South Florida’s secretive virtual reality wunderkind has finally revealed its long-anticipated technology — sort of.
On Wednesday, Broward-based Magic Leap unveiled Magic Leap One, a mixed-reality headset that allows wearers to see and interact with people and objects that aren’t in the room with them — but will appear as if they were. Unlike current virtual reality headsets that replace the experience of the physical setting, Magic Leap’s technology allows for experiences within the existing physical setting.
The version released Wednesday includes goggle-like headgear, called Lightwear, hooked to a pocket-sized Lightpack computer. It is aimed at digital creators “who could change how we experience the world,” according to the company’s website — to create interactive shopping, games and lifelike meet-ups between people in different physical spaces. (Think Star Trek’s hologram room, and you’re heading toward the right galaxy.)
The technology simulates 3-D images superimposed on the real world by projecting patterns of light to the eye.
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According to the company’s digital release, the technology will ship in 2018, when the company led by local entrepreneur Rony Abovitz will also reveal a “Creator’s Portal.”
Twitter was afire with pans and raves from tech fans who have waited three years for a glimpse of the mysterious product that has drawn $1.9 billion in investment from brands including Google and Alibaba.
“I’ve been waiting for @magicleap to make this announcement. Excited about getting my hands on the Magic Leap One,” wrote Sergio Aguirre.
“This will change everything!” posted robertogeek.
And from Brian Mogen, who dissed the Willy Wonka-esque goggles, “#1.9B in funding and all I got were these doofy glasses...was really hoping to hear that there was going to be a meaningful application with all this secrecy.”
Forbes magazine saw potential. “Essentially, this might just be the personalized buying machine of the future,” wrote Paul Armstrong.
Rolling Stone writer Brian Crecente was granted access to preview the technology for a story published Wednesday. Among his experiences was a visit with a floating robot. “The world around it still existed, but I couldn’t see through it. It was as if it had substance, volume, not at all a flat image.”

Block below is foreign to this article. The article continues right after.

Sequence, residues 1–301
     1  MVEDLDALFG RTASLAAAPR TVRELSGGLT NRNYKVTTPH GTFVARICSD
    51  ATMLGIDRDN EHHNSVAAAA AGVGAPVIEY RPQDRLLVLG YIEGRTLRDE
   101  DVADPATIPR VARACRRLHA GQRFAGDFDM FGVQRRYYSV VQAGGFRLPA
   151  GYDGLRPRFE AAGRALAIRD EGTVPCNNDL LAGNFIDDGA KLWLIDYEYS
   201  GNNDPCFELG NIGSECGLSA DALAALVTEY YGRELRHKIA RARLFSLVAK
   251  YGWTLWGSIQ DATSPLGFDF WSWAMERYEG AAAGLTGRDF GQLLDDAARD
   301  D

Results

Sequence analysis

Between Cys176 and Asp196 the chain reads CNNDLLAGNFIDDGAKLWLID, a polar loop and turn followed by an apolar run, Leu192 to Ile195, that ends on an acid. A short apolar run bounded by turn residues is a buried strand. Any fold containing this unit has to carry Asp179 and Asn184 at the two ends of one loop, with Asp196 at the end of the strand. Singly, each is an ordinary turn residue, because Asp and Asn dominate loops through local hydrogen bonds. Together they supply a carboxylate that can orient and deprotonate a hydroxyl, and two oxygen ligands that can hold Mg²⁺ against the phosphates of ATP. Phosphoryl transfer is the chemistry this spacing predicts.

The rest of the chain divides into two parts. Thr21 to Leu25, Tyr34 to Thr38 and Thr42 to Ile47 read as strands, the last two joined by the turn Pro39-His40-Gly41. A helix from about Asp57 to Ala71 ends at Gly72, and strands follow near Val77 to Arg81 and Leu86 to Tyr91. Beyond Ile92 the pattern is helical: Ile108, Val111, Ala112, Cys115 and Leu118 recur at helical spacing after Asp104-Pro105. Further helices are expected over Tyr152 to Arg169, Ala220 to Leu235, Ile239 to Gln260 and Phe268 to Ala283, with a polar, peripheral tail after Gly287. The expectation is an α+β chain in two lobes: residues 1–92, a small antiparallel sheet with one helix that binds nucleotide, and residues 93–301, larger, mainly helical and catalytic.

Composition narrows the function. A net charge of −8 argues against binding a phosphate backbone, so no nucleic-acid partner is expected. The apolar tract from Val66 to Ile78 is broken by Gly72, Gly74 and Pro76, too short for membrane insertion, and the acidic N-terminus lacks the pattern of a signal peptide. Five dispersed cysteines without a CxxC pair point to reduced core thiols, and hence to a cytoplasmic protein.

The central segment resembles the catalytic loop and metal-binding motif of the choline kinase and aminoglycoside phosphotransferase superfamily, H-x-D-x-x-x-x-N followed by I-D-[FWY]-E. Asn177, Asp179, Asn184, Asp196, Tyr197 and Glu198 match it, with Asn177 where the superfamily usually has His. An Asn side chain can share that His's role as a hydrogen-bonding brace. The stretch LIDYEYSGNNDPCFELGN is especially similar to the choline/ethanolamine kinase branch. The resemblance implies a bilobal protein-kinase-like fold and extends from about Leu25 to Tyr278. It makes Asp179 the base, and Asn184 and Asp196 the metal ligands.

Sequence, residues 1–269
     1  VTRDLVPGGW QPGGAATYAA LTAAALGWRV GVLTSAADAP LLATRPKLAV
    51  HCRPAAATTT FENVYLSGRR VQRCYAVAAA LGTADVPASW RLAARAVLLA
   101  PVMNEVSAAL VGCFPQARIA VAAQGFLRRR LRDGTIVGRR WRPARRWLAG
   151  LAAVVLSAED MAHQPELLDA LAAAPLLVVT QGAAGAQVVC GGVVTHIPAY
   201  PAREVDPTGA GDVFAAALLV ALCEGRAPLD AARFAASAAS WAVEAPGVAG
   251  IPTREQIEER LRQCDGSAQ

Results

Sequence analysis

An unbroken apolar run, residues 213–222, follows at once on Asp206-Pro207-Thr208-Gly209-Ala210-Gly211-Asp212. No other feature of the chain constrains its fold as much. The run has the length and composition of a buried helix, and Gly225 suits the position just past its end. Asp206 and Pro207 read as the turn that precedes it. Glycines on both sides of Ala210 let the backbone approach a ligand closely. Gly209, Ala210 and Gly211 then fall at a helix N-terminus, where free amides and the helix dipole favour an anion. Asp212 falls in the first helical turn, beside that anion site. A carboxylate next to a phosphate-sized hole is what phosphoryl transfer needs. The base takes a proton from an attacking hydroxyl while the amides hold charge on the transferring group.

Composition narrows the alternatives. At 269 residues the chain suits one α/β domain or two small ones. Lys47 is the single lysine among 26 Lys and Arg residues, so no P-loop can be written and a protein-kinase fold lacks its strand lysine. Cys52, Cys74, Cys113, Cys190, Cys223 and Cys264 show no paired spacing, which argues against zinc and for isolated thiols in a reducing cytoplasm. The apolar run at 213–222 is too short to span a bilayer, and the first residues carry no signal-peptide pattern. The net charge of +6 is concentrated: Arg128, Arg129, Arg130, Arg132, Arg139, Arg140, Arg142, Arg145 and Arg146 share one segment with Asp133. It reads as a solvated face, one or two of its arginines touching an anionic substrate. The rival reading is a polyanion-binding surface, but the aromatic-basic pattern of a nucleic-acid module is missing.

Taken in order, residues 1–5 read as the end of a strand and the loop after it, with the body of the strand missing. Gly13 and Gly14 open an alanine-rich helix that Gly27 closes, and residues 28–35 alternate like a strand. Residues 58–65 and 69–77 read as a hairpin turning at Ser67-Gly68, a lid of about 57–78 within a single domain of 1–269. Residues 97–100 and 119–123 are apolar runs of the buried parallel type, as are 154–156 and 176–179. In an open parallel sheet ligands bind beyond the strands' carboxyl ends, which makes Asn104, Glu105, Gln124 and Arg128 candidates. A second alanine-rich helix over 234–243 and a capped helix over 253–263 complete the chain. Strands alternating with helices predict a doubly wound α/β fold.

Other demonstrations involved launching digital screens into the space at will. Another involved the entrance of a digital woman. “The level of detail was impressive, though I wouldn’t mistake her for a real person…While she didn’t talk or react to what I was saying, she has the ability to… I noticed that when I moved or looked around, her eyes tracked mine.”
Magic Leap’s road to launch has been paved with massive financing unprecedented for a company without a product, and the surrounding mystery led some observers to wonder if the technology actually existed.
At its core is Abovitz, who earned his engineering bachelor’s and master’s degrees at University of Miami in the mid-’90s. His participation in one of UM’s first biomedical engineering programs stirred his interest in developing technology for the human body, he has said. Before starting Magic Leap, Abovitz was co-founder of Mako Surgical, the South Florida medical robotics company that sold for $1.65 billion to Stryker in 2013.
Magic Leap was born in the proverbial and literal garage about six years ago. At a UM speech to alumni in 2015, Abovitz said a trip with music industry mogul Chris Blackwell to Blackwell’s GoldenEye resort in Jamaica in 2011 helped shape Abovitz’s idea for Magic Leap. He loved being out in the environment, not staring into the phone, and realized computing had to change. “That’s where the world becomes your new desktop. … We shouldn’t bend to technology, technology should bend to us.”
Four days after Magic Leap received its first “serious capital” from Google and other investors ($542 million plus $50 million earlier), Google executive Alan Eustace parachuted a record-setting 135,000+ feet from a balloon near the top of the stratosphere. Eustace had spent time at Magic Leap, and was one of the engineers who pushed for the funding. That was a message too: “For cool things to happen, you have to get out of your comfort zone,” said Abovitz, who took up his own challenge of becoming a javelin thrower on the UM team during his college years.